All of which is to say (finally), that yes, Serge Seidlitz — who has done all my EngiNerds covers — has once again knocked it out of the park and into another galaxy! In terms of my involvement in the creation of the cover art: I’m involved, as is my editor and art director, but I’m there as a member of the team, and the LAST thing I’d ever want to do is step on Serge’s toes, or put him in a box that will limit his own unique (and glorious!) creativity. So, I share what he needs to know about the story, throw out some very general ideas for consideration — as do the other members of my team — and then he runs wild. We typically then go back and forth a few times, fine-tuning things, making any necessary (usually relatively minor) adjustments. Seeing someone else create in a world you’ve built — it’s so fun and exciting. It reminds me of building skateboard ramps as a kid, and watching my friends go flying off of them.

What aspect of being a writer do you most enjoy?

The people. Especially the kids. It’s interesting — I sit at home, doing this really pretty solitary thing, and because of it, I get the opportunity to travel around and meet and connect with thousands of other people. That’s something I didn’t really think about, or even realize was a possibility, when I first began to really strive to do all this professionally. But it’s without a doubt one of the greatest joys. I’ve made so many friends. I’ve learned so much. And I’ve been so inspired by it all! And I don’t think I’ll ever tire of talking with, learning from, and working with kids. Seeing their creativity in action — it’s something else. It fills me with so much joy and hope.

Where can people go to find out more about you and your writing?

They can find me — and lots of my art and (free!) activities — at, as well as on Twitter and Instagram @Jarrett_Lerner.

Thank you for the honor of letting me be part of this reveal with you, my friend. I love watching your publishing career blossom.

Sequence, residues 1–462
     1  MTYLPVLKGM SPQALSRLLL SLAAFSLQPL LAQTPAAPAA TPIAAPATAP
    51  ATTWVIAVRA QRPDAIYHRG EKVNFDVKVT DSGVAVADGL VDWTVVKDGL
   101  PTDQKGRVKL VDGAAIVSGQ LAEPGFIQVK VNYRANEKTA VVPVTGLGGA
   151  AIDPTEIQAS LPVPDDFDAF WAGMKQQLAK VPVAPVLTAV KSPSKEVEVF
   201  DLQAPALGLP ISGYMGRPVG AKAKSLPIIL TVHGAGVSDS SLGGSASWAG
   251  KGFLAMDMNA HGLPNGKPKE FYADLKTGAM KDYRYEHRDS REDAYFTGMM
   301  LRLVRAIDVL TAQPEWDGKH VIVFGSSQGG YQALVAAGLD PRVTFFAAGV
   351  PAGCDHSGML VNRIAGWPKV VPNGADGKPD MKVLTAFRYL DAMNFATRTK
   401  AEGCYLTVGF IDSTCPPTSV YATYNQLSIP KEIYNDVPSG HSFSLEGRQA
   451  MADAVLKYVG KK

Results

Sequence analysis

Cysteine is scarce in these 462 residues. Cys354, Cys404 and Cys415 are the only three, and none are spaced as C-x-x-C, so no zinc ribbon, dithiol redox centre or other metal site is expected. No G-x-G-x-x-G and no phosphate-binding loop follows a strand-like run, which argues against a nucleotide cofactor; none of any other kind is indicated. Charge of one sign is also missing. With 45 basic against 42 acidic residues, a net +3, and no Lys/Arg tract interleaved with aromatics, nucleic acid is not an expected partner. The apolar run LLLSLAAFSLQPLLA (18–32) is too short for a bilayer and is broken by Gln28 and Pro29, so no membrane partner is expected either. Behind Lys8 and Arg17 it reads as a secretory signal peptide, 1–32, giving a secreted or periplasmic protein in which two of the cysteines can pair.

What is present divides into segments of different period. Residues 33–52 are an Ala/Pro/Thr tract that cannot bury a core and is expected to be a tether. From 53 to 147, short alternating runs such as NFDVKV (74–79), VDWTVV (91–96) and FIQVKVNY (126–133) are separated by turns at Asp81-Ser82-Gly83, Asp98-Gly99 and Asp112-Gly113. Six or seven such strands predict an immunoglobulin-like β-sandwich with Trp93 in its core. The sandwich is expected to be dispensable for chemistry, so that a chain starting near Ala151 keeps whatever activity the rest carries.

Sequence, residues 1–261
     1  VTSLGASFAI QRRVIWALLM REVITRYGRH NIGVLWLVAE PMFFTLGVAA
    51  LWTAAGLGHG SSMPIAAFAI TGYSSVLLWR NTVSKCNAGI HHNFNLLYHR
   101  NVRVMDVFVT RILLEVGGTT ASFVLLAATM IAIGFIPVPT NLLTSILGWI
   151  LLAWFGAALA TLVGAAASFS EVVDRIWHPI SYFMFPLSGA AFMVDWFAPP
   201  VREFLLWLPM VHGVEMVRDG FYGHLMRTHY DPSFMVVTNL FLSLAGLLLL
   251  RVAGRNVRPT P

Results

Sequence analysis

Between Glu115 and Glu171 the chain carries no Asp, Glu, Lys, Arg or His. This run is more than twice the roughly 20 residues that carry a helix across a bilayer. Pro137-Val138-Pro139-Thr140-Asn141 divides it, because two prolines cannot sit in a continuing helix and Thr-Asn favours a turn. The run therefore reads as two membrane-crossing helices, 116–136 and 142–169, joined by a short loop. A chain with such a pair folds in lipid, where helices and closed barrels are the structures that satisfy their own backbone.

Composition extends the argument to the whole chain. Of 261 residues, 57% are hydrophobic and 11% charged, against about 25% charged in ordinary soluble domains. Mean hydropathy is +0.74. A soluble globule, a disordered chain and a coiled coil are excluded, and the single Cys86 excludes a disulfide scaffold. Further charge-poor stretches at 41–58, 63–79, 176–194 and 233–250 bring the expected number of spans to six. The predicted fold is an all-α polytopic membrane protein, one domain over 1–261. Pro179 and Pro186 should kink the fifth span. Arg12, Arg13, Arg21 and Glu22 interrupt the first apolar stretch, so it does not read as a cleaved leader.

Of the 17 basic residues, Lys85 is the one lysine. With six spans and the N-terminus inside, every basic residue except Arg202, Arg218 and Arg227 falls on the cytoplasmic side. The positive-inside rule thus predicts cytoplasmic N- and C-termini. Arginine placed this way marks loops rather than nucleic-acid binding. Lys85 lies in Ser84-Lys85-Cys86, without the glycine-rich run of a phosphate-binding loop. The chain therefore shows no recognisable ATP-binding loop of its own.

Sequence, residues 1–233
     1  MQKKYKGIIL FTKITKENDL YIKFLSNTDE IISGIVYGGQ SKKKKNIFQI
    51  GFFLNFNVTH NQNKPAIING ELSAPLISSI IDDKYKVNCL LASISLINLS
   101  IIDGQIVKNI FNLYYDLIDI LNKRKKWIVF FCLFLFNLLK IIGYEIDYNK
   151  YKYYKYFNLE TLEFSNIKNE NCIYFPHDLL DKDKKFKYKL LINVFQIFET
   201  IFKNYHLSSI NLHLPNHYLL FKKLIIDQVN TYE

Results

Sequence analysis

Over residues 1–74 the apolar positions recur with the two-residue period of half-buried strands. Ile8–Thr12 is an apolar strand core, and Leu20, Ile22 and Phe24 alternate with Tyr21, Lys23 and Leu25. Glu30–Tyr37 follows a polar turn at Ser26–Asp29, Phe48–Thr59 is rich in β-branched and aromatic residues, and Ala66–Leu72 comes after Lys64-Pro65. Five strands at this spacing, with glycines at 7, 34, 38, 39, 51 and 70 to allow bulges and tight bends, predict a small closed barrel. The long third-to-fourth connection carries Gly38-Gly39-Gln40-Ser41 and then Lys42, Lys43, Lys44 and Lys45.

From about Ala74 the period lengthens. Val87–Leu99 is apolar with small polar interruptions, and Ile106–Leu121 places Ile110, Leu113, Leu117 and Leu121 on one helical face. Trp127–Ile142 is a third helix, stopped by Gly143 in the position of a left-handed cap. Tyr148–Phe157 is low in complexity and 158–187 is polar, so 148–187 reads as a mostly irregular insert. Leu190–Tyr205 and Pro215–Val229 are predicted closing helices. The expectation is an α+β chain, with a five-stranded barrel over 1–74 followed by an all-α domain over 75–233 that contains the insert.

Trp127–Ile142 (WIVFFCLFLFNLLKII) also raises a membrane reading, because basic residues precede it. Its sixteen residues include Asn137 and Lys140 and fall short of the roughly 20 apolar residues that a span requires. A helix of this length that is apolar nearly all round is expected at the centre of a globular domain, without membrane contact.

Working with you on this site, working with you to help continue to build and bolster and better the Middle Grade community — it’s been so, so wonderful. I’m proud of what we’ve done, and excited to continue doing it in the future. I feel lucky to call you a friend. And it just makes sense — and makes me very happy! — to have you host my very first *official* cover reveal. Thank YOU, Kathie!

Jarrett Lerner is the author of EngiNerds and its sequel, Revenge of the EngiNerds, as well as the author-illustrator of the upcoming activity book, Give This Book a Title. Jarrett is also the author of the forthcoming Geeger the Robot early chapter book series, the forthcoming third book in the EngiNerds series (The EngiNerds Strike Back), and the author-illustrator of the forthcoming Hunger Heroes graphic novel series (all published by Simon & Schuster/Aladdin). He cofounded and helps run the MG Book Village, an online hub for all things Middle Grade, and is the co-organizer of the #KidsNeedBooks and #KidsNeedMentors projects. He can be found at and on Twitter and Instragram at @Jarrett_Lerner. He lives in Medford, Massachusetts, with his wife, his daughter, and a cat.

Interview and Cover Reveal with Laura Stegman re: SUMMER OF L.U.C.K.

Welcome to our Fast Forward Friday feature, Laura! I look forward to learning more about you and revealing the cover for your upcoming release SUMMER OF L.U.C.K. Could you tell our readers a little bit about yourself, please?

Hi Kathie! I’m honored to be featured. Your site is one of my favorites!

When I was a kid growing up in Southern California, writing a novel wasn’t my life’s ambition. I was determined to be an actress. Instead, life sent me in a completely different direction, and for many years I’ve owned a successful public relations firm specializing in arts publicity.